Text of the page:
Hello! I’m Tony Fujs, Data Scientist at the World Bank. As many fellow data nerds, I love to visualize the data I have in my hands, but I also like to spend time visualizing data that I don’t have: Missing data.
Why would I do that? Because bad handling of missing data can seriously bias the results of a statistical analysis.
- Removing missing records from a dataset is generally not the right way to handle missing data!
- For more information about missing data, and techniques to address it, see:
In this post, I will present a common heatmap variation technique used to visualize missing data, and identify potentially harmful missingness patterns.
STEP 1: The data table
Here is a dataset containing fake education records. In this dataset, each row represents a unique student, and contains information about the following variables:
- IQ scores
- Reading grades
- Math grades
It’s relatively easy to spot missing data in this table, but I want to make the missing cells impossible to ignore. Let’s color each missing data cell in a bright, easy to spot color!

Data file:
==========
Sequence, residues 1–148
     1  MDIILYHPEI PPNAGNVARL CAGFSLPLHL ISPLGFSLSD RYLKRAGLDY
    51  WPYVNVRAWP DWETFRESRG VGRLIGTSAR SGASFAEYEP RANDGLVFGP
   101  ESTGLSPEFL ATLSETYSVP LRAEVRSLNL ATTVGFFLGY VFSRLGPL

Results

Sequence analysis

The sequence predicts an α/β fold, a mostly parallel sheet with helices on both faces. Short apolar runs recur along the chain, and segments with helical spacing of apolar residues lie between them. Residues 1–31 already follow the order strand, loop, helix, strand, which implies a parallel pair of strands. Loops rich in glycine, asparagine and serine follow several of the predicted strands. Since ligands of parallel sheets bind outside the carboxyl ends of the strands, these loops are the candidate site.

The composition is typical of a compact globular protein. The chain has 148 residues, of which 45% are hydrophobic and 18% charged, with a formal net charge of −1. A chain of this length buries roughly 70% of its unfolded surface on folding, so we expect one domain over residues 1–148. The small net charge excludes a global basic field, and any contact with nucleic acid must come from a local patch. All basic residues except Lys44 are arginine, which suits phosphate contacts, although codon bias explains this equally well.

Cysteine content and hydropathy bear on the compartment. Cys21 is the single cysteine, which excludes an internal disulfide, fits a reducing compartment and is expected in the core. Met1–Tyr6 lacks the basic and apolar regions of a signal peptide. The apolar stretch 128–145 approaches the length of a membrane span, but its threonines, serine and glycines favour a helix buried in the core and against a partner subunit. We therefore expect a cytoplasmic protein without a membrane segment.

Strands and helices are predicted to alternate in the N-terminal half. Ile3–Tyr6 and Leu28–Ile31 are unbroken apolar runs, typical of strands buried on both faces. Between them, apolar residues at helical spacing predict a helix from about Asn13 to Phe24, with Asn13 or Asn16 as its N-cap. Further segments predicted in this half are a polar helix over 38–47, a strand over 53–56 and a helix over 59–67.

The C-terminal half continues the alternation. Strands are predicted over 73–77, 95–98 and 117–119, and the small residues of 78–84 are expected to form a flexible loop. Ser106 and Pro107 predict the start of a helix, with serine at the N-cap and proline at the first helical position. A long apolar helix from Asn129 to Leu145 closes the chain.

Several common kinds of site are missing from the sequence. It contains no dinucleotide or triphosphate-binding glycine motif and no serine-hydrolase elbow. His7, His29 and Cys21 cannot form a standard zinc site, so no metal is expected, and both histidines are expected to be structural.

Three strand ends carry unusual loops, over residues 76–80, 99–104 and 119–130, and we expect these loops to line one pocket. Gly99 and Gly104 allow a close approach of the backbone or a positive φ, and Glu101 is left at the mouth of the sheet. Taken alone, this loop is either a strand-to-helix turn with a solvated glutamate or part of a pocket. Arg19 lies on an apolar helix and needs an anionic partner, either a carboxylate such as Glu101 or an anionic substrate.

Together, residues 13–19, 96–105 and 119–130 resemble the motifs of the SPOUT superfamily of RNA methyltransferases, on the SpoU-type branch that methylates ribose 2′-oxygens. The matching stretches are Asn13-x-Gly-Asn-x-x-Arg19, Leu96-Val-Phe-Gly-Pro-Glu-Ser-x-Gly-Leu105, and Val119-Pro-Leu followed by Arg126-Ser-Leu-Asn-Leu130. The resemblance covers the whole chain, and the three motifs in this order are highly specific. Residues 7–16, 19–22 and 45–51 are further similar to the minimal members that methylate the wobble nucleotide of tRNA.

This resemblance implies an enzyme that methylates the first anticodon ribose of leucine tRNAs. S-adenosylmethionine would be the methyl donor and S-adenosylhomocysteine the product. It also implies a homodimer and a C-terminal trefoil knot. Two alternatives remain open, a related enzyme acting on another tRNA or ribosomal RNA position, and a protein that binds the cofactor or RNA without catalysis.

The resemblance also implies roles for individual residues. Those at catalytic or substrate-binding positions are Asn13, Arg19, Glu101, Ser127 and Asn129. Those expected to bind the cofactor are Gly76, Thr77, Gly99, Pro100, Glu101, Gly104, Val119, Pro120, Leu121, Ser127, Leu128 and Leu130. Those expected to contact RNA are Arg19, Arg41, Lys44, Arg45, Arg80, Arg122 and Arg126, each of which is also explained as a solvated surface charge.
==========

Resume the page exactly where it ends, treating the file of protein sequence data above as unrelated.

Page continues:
STEP 2: Choose a catchy color to highlight empty cells
Now, I really can’t ignore these empty cells, but I still can’t see – at least not easily – if there is any interesting pattern in the missing data.
Next, I will use some heat map technique to colorize the non-missing cells of this table.
STEP 3: Color the non-empty cells according to their values
I will use a monochrome color scale. Since I am interested in comparing empty cells with non-empty cells, I want to keep the color scheme as simple as possible to facilitate this comparison. The shades of grey highlight the change in values of the non-empty cells, while maintaining a strong contrast with the red empty cells.
Low values are colored in light grey, while high values are colored in dark grey. Since we are only interested in checking missing data patterns, the actual values of the non-empty cells can be hidden.
STEP 4: Remove the values
Some pattern now seems to emerge. But it is stillnot as obvious as it could be…
Let’s reorder the rows according to the values of the IQ scores columns.
STEP 4: Sort columns values
It is now hard to miss the pattern of the missing data. Reading grades are missing for the lower half of the IQ score distribution… Assuming that a correlation exists between IQ scores and reading grades, removing the empty cells from the table would overestimate the average reading grade for this group of students.
- This visualization can be easily produced using the R package VIM:
- It can also be done in Excel using a couple of hacks:
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